For division elements, the movement control office and division transportation officer take part in the transportation planning, though EAD units provide transportation support. The MCO identifies requirements (including those for HETs), plans movement of the attrited unit to the regeneration site, and arranges necessary highway clearances.
Within the regeneration site there is an MCT as identified in the corps or theater army reconstitution SOP. The MCT is the critical link among the MCC, mode operator, shipper, and receiver. A truck unit may also be OPCON to the RTF to provide direct support. This direct support relationship is one of the unusual characteristics of CSS in a regeneration. It may involve restricting support to other units. It therefore requires commanders and transportation managers to make the kind of trade-off decision they continually make to allocate assets. They should consider the fact, as previously noted, that the attrited unit does not require support forward.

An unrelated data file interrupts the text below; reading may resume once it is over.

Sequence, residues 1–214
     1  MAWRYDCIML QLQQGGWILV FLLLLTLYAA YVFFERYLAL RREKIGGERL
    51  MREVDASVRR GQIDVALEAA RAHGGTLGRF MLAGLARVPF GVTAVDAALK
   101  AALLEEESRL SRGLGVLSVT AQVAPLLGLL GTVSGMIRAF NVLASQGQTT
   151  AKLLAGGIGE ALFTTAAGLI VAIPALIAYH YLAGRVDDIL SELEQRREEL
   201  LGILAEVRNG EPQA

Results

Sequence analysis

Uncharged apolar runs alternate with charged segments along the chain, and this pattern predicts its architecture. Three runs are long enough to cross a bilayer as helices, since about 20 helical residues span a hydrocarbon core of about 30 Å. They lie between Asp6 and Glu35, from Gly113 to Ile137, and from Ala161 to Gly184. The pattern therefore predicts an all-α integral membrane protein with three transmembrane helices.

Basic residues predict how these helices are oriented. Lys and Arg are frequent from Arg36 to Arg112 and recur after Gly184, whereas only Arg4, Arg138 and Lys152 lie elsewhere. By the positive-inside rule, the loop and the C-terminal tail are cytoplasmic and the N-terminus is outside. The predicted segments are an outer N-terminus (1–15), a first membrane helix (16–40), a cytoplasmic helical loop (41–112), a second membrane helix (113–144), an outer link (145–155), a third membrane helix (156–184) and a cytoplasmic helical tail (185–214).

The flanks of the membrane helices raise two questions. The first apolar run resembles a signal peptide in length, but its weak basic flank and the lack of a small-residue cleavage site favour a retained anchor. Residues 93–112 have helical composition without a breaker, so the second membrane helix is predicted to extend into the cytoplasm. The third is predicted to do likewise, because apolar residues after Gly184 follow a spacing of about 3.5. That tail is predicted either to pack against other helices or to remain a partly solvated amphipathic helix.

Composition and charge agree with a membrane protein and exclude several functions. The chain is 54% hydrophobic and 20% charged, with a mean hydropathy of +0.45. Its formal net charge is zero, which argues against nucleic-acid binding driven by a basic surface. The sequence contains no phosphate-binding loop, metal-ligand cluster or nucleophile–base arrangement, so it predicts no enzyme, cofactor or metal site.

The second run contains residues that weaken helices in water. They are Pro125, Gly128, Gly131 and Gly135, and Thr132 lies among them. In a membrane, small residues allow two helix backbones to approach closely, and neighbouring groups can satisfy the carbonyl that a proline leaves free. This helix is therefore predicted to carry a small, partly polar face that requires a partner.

The MCT tasks the transportation system to provide support for movements within the regeneration site and for outbound movements. It also clears inbound personnel and cargo and plans and coordinates onward movements of the unit once regeneration is complete. If the transportation management system permits, the MCT also maintains liaison with host or allied nation transportation activities.
The RTF commander and operations element set priorities for the movement of cargo and personnel based primarily on guidance from the commander directing the regeneration. The MCT tasks the transportation system to provide support in accordance with these priorities. If the RTF transportation assets cannot meet a requirement, the MCT requests support through its normal channels.